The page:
Insurance will be provided by the three e-scooter rental operators who have been selected to run the pilot by Transport for London. Holders of provisional motor vehicle driving licences will be able to rent e-scooters and will not have to display L-plates.
Overall, the pilot has been considered a success and the Government has now extended it across the UK to 31 March 2022.
Do you need insurance to ride an e-scooter?
Yes. The law defines e-scooters as ‘powered transporters’ which falls within the definition of a “motor vehicle” in section 185(1) of the Road Traffic Act 1988. This means they are governed in the same way as any other motor vehicles and need to be insured. Rental operators are required to provide an insurance policy as part of the rental agreement, but privately owned e-scooters are not permitted to be used on the UK public highway so no insurance company will provide cover. If you are found to be riding a private e-scooter on a UK public highway, you can be prosecuted for not having insurance.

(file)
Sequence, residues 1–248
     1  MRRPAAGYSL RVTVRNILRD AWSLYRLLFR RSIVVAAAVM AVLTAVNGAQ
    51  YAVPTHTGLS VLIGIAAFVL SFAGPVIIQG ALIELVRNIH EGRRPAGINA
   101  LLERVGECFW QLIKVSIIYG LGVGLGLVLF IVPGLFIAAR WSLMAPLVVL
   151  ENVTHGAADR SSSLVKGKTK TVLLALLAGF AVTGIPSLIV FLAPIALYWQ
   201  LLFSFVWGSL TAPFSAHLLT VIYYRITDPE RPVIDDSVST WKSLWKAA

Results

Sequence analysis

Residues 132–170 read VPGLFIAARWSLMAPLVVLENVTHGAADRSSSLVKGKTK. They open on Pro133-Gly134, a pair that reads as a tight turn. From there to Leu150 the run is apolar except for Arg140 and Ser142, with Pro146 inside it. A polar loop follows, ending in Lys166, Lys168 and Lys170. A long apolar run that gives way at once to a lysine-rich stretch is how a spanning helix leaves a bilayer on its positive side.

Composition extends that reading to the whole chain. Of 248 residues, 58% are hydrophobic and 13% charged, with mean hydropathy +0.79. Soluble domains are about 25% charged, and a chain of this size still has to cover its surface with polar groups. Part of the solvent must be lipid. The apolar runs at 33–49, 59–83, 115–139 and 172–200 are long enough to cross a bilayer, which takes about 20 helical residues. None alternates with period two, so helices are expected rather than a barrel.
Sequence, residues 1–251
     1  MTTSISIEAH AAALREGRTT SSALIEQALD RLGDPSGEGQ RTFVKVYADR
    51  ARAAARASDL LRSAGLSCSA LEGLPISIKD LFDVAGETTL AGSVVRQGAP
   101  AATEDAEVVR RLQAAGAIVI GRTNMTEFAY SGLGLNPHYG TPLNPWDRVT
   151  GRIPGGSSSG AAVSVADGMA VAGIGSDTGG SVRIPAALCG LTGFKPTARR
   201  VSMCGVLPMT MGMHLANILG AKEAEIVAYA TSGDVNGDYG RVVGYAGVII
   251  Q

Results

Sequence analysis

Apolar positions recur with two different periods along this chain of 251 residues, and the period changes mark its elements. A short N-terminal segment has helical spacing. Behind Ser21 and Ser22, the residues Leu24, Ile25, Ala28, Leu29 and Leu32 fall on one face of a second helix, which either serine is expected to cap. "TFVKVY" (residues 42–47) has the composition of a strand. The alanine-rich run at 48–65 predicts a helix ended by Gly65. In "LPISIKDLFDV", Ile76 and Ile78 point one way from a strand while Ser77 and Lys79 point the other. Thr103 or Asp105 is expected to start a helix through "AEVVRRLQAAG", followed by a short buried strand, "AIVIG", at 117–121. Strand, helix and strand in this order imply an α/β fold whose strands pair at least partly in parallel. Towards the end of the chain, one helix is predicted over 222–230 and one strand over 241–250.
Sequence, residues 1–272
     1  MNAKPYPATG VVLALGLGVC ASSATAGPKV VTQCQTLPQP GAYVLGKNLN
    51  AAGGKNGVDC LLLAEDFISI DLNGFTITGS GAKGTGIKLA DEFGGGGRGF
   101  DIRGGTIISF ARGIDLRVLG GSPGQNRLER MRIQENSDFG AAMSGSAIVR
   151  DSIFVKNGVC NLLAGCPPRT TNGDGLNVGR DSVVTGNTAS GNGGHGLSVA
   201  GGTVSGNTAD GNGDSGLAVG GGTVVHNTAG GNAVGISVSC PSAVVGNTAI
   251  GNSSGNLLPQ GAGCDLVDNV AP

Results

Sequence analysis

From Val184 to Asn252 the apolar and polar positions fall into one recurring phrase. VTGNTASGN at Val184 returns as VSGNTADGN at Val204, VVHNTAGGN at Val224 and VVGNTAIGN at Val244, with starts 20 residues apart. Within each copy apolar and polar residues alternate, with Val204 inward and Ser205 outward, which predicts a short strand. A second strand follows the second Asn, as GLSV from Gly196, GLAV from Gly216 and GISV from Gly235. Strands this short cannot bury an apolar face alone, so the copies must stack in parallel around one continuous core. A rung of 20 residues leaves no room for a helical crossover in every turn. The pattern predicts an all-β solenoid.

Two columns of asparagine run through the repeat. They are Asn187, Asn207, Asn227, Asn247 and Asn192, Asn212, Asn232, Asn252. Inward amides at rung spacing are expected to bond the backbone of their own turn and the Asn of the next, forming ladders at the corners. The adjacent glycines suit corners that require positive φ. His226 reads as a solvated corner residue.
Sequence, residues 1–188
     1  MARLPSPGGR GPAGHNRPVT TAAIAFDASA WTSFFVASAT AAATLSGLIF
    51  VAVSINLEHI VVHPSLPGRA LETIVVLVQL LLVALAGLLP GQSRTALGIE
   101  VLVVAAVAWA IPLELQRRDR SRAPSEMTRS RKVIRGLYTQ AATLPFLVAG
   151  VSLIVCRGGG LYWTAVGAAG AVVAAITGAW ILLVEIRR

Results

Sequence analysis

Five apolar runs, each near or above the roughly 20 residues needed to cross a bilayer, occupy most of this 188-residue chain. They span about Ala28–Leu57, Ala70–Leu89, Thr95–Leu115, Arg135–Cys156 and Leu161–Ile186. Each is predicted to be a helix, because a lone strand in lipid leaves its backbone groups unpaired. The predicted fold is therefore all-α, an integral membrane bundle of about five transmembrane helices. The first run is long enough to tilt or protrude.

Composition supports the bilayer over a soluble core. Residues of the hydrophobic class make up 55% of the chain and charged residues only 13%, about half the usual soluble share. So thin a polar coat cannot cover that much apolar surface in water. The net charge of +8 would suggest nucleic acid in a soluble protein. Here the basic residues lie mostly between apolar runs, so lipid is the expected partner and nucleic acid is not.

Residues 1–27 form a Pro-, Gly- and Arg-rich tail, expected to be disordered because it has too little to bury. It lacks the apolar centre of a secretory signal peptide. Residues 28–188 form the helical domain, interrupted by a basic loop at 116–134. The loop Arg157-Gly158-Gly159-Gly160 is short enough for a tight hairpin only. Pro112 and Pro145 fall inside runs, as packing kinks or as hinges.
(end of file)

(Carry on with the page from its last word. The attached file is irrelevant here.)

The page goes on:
What are the fines for riding an e-scooter in the UK?
If you are found to be riding an e-scooter without insurance you could end up with:
- A Fixed Penalty Notice for not having insurance, a £300 fine and 6 penalty points.
- A conviction for driving without insurance will result in an IN10 endorsement. This will remain on your driving licence for four years from the date of the offence. You’ll also need to disclose it to insurance providers for a further year. You must have a category Q entitlement on your driving licence to use an e-scooter.